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EVELYN

Review by Gordon Justesen

Stars: Pierce Brosnan, Aidan Quinn, Julianna Margulies, Stephen Rea, John Lynch, Sophie Vavasseur, Alan Bates
Director: Bruce Beresford
Audio: Dolby Digital 5.1, French Dolby Surround, Spanish Dolby Surround
Video: Anamorphic Widescreen 2.35:1
Studio: MGM
Features: See Review
Length: 95 Minutes
Release Date: April 15, 2003

“I won’t be here for long. My dad’s coming to get me.”

“That’s what my dad told me.”

Film ***

Evelyn is as heartwarming as a movie can get, and the fact that it’s based on a true story makes it all the more uplifting. We don’t get many happy stories from Irish history, as the times have been something of a harsh reality, but this is a special case, one that took place back in the early 50s. Another fascinating element is the huge impact the events in this story had on the constitution in Ireland, notably laws regarding children’s rights to live with any legal guardian and not in an orphanage. This heartwarming tale, headline by a strong lead performance, make this an easily appealing film, especially for family viewing.

Pierce Brosnan stars in a tour de force performance as Desmond Doyle, a loving father who endures something of a struggle when his life hits a bump. When his wife abandons him, as well as their three children, Desmond suddenly finds himself possibly losing custody due to his being unemployed, and a known alcoholic. With his two sons, and daughter Evelyn (Sophie Vavasseur), sent to separate orphanages, Desmond intends to take matters to court, hopefully earning trust that he can indefinitely, and very rightly, keep his family together.

In terms of representation, Desmond gets access to Irish attorney Michael Bettle (Stephen Rea), who’s the brother of Desmond’s close friend, Bernadette (Julianna Margulies). He is also represented by Nick Barron (Aidan Quinn), an Irish American lawyer, as well as the retired Thomas Connolly (Alan Bates), who was known to win a few so-called “hopeless” cases. Since this means that the Irish court will collide with the Catholic Church during the daytime, which is never suppose to happen, Desmond’s chances at winning look somewhat slim. But the testimony of young Evelyn could open the door on several instances of physical abuse applied by numerous nuns of the orphanage.

The name of the movie is Evelyn, but the movie is indeed about the father’s struggle more than anything else. Pierce Brosnan, known around the place as 007, gives a strong and riveting performance in the movie that allows him to play back into the very roots he grew up in as a man growing up in Ireland. Desmond is a complex man, being clearly both a loving capable father and a frequent alcohol abuser, and Brosnan does a splendid job of creating and illustrating the complexity.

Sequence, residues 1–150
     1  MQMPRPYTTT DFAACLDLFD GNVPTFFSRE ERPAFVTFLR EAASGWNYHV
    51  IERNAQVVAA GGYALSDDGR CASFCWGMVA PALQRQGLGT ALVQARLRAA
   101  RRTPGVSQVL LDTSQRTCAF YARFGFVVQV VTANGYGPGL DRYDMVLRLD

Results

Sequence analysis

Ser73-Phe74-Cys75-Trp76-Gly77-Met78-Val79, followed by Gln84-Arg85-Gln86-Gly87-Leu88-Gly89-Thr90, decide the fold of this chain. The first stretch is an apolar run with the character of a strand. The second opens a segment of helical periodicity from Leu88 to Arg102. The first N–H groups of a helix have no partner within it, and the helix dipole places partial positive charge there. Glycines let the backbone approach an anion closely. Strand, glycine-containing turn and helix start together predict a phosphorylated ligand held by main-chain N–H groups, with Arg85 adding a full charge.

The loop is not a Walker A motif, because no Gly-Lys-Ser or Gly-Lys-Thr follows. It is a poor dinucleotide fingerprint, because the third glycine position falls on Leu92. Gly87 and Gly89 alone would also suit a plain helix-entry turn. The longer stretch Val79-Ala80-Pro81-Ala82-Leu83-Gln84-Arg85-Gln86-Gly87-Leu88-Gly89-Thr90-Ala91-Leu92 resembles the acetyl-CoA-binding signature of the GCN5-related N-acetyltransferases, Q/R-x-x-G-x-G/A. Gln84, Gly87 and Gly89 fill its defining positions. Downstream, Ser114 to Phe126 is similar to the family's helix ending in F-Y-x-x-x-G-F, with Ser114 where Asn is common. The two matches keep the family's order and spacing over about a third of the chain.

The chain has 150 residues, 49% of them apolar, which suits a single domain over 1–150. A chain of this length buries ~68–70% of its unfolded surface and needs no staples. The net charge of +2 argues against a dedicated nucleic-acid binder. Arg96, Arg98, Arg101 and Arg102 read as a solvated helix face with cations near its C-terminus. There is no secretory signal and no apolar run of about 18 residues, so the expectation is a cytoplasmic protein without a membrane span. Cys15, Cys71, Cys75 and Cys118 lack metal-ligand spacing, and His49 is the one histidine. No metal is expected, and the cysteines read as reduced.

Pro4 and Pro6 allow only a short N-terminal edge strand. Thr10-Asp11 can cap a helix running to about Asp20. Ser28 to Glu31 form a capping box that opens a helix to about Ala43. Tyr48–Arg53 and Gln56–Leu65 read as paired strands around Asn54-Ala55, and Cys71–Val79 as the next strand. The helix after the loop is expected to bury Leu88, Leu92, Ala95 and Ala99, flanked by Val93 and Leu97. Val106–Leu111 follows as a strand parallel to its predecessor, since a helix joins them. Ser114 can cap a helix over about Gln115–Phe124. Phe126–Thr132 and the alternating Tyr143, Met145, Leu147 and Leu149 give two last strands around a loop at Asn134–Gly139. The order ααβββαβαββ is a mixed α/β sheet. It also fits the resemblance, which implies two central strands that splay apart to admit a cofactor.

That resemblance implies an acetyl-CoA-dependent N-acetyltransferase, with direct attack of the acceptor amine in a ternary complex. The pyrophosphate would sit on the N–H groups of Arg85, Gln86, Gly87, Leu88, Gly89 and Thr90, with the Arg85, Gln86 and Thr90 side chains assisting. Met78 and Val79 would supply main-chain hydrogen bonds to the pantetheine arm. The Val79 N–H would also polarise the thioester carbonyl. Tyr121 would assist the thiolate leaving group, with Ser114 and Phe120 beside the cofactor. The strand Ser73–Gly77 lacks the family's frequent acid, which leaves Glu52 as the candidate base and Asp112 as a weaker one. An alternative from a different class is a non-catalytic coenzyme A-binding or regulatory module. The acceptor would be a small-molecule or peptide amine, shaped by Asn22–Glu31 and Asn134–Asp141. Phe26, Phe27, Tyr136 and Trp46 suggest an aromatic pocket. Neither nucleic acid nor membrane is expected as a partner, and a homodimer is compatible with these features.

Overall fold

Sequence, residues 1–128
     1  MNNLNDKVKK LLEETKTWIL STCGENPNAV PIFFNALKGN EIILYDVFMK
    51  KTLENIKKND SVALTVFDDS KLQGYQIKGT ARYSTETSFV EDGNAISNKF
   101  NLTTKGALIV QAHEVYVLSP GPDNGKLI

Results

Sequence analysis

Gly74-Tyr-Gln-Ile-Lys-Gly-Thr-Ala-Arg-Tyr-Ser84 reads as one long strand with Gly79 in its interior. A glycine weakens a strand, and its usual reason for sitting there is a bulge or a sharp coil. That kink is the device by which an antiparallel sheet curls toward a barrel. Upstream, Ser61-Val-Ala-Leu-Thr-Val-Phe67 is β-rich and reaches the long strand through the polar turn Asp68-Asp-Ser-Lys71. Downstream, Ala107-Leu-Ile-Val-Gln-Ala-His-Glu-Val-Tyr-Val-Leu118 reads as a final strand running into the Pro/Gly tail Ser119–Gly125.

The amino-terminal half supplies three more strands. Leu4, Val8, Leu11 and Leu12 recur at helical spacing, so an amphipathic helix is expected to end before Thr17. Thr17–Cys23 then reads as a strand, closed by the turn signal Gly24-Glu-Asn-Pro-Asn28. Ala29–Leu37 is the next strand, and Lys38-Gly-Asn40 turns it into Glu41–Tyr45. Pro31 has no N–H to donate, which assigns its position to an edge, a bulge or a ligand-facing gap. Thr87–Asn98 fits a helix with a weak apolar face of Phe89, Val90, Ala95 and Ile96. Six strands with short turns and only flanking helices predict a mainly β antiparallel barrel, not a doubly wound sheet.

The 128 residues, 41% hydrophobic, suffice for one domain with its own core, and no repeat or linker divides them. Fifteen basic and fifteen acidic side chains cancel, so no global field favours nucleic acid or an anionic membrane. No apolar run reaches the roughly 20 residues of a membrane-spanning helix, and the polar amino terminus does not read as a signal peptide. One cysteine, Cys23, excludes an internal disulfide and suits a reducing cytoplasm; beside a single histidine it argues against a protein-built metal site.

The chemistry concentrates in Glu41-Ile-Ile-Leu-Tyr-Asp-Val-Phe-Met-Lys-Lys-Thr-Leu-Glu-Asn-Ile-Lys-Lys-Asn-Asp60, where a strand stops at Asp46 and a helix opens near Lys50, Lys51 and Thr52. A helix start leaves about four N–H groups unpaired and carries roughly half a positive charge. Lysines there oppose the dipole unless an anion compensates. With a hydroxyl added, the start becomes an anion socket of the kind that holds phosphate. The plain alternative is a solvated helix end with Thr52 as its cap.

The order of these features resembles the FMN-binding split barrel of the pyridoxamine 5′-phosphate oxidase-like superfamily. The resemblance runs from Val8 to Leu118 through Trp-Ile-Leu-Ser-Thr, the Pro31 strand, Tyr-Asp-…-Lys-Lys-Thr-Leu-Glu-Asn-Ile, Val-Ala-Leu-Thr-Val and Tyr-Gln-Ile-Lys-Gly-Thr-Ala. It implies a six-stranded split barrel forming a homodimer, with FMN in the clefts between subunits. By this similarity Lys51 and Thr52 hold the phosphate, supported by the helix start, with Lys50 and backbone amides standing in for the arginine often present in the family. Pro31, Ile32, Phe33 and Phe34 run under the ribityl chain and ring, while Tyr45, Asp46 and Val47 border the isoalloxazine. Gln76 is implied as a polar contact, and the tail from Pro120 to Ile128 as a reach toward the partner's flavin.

Directed by Bruce Beresford, Evelyn is a strong piece of heartwarming storytelling that is perfect family viewing. It may get a bit too sentimental at times, but the overall impact of the movie is very high, thanks in part to Brosnan’s wonderful work.

Video ***1/2

MGM delivers their usual goods with this anamorphic transfer, for a film that indeed captures the wondrous beauty of the Irish countryside in the early 50s. Image quality is very high for the entire presentation, given one or two instances of softness though not the least bit distracting. For a film that even has a great deal of darkly lit set pieces, the presentation manages to make those moments grand as well.

Audio ***

Though mostly a piece driven by that of dialogue, the 5.1 mix on Evelyn proved to be quite a surprise. Dialogue is at an ultimate high in terms of clear delivery, and background noises, like even that of wind blowing on a country side set piece or crowds in a public bar, earn this presentation an extra credit boost.

Features ****

It’s MGM and Special Edition material, need I say any more? This disc includes the usual box of goodies from one DVD studio that really knows how to handle its Special Edition extras. There are two commentary tracks, one with director Bruce Beresford, and one with Pierce Brosnan and producer Beau St. Clair. Two documentaries are also included, “Evelyn: Behind the Scenes” and “The Story Behind the Story”, both of which are well informative and very well put together. Also featured is a photo gallery, a soundtrack spot, and a trailer.

Summary:

Evelyn is quite uplifting and much inspirational. Pierce Brosnan proves himself as a gifted dramatic actor with this heartwarming piece that is purely perfect for family viewing.